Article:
How We Give Online Advertisers the Tools to Manipulate Us

New research shows the effectiveness of aligning ads with a potential customer’s easily identified personality traits.
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The economic model of companies like Facebook and Google is clear enough: Collect data on their users, then sell it to advertisers who use it to target likely customers. The process sounds relatively benign, albeit in a Big Brotherish kind of way.

But what if advertisers, from skin-care manufacturers to political campaigns, could easily determine our dominant personality traits, and use that knowledge to manipulate us into buying their products, or supporting their candidate?

New research warns that they can do just that, and surprisingly easily. It demonstrates that, via social media, we unwittingly reveal the dispositions that drive our behavior—and this information can be used to target us with particularly persuasive ads.

"The application of psychological targeting makes it possible to influence the behavior of large groups of people by tailoring persuasive appeals to the psychological needs of the target audiences," writes a research team led by psychologist Sandra Matz of Columbia University.

"Current approaches are ill-equipped to address (this) potential abuse," Matz, one of Pacific Standard's "Thirty Top Thinkers Under 30" for 2016, reports in the Proceedings of the National Academy of Sciences.

The researchers describe three experiments, the first of which directed targeted ad campaigns to more than three million Facebook users.

First, they collected data from a widely used personality quiz, focusing on two traits: "Openness to experience," a.k.a. the willingness to try new things, and introversion vs. extroversion. They compared scores on that quiz to a participant's Facebook "likes," and correlated which preferences correspond to which psychological predispositions.

For example, people who indicated that they liked parties and "making people laugh" scored high on extroversion, while those who liked sanctuary and Stargate SG-1 scored high on introversion.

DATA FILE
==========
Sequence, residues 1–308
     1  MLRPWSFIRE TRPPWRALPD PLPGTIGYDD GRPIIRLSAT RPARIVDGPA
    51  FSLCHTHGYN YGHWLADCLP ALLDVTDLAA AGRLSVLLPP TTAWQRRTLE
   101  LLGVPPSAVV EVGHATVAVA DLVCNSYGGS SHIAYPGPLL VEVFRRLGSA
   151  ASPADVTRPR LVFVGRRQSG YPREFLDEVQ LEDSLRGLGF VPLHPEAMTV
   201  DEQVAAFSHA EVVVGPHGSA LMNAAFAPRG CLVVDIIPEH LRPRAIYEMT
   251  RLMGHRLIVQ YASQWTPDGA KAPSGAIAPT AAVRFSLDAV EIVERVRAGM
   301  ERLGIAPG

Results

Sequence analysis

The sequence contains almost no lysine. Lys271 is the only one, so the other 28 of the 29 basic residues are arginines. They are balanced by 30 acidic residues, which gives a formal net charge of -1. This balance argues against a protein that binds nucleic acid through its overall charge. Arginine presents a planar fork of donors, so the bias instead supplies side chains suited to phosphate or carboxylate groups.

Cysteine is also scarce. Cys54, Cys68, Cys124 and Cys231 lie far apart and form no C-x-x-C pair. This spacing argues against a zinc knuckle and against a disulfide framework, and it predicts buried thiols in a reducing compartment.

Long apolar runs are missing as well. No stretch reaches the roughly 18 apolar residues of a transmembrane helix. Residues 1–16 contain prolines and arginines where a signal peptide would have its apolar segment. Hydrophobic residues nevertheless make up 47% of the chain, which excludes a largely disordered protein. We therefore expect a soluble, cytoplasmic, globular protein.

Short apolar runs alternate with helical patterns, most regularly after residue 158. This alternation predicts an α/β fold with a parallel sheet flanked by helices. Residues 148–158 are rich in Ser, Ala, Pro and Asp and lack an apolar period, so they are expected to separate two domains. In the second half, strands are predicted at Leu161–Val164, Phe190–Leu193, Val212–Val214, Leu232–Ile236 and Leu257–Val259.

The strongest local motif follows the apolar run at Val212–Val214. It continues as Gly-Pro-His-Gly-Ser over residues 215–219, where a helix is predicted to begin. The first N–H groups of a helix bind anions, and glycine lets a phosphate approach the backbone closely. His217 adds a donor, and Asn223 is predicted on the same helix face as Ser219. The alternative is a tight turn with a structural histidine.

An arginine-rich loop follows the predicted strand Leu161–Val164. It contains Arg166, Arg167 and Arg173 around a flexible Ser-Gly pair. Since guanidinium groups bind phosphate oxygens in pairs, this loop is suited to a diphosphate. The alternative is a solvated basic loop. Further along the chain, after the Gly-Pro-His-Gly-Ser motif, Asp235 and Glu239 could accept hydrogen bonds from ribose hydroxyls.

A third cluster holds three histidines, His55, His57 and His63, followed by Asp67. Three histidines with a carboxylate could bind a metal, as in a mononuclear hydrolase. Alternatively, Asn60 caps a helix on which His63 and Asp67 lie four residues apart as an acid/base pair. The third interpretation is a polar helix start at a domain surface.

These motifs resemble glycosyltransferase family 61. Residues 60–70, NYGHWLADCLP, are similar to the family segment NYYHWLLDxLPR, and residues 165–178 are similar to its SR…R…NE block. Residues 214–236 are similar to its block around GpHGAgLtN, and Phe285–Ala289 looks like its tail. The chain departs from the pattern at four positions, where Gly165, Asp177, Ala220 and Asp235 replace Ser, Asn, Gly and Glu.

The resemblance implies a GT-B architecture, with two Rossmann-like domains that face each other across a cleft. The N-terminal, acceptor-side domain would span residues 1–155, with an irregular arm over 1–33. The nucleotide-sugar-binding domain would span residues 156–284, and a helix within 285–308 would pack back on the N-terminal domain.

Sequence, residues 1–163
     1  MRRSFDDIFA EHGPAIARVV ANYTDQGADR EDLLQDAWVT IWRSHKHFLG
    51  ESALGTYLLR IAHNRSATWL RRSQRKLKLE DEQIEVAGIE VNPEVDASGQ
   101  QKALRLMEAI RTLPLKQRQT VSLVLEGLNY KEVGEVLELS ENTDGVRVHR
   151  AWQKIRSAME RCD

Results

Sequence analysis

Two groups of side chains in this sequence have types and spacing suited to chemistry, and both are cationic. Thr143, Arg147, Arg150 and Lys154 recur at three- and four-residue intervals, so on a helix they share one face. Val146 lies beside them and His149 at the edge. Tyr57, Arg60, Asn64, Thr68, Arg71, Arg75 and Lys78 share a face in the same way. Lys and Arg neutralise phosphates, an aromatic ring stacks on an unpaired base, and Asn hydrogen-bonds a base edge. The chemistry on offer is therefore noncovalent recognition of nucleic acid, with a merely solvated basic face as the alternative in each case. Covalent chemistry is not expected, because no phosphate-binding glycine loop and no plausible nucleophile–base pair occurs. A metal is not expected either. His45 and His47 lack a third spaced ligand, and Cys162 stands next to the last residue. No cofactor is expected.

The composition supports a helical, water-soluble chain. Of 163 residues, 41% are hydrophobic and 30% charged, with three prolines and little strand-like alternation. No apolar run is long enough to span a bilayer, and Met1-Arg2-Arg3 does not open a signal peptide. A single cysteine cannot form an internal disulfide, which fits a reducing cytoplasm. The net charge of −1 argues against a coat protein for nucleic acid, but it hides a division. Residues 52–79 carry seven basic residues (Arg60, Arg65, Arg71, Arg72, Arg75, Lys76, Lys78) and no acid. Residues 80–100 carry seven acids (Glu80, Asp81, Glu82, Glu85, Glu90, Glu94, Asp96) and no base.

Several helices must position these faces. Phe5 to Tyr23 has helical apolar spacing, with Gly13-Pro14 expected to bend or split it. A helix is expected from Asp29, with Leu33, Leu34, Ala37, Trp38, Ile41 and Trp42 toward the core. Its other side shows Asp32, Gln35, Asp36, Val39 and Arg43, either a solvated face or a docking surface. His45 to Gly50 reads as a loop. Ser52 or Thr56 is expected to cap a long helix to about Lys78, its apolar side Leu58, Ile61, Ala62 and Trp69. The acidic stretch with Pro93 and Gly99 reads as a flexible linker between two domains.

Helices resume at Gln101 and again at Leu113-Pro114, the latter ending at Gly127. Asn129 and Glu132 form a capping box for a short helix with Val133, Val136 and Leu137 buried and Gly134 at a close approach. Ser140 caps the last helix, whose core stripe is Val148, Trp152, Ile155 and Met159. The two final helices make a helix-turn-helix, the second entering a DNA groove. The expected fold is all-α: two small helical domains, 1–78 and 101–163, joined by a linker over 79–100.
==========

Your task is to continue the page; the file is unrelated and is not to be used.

Using such "likes" as a guide, the researchers categorized Facebook members, and targeted them with tailored ads. For instance, they used two sets of ads for a beauty products company: one for introverts (tag lines included "Beauty doesn't have to shout" and "Beauty isn't always about being on show") and one for extroverts ("Love the spotlight and feel the moment").

The campaign reached 3.1 million users, attracted 10,346 clicks (which directed them to the company's website), and resulted in 390 purchases. Averaged across the campaigns, those who saw ads that were congruent with their personality types "were 1.54 times more likely to purchase from the online store" than those who saw ads that didn't align with their psychological make-up.

This finding—confirmed in two follow-up studies—presents "a conservative estimate of the potential effectiveness of psychological mass persuasion," the researchers argue. After all, they based their assessment of personality types on a single measure rather than taking into account users' large digital footprints.

There could be advantages to this sort of marketing. The researchers note that people who are disposed to risky behavior could receive "psychologically tailored health communication."

However, the dangers would appear to outweigh the benefits. The researchers note that this approach could easily "target online casino advertisements at individuals who have psychological traits associated with pathological gambling."

And if you're, say, a Russian agent attempting to stir up animosity among Americans, this kind of analysis could give you a better idea of what makes any individual vulnerable to manipulation.

Matz and her colleagues conclude by noting that no legal measures "currently in place or in discussion address the techniques described in this paper." Indeed, it's hard to imagine ones that would be too effective. Once you've revealed who you are—which is what social media is all about—you open yourself up to being exploited.

Big brother is indeed watching you—and using his observations to slyly manipulate you into buying more stuff.

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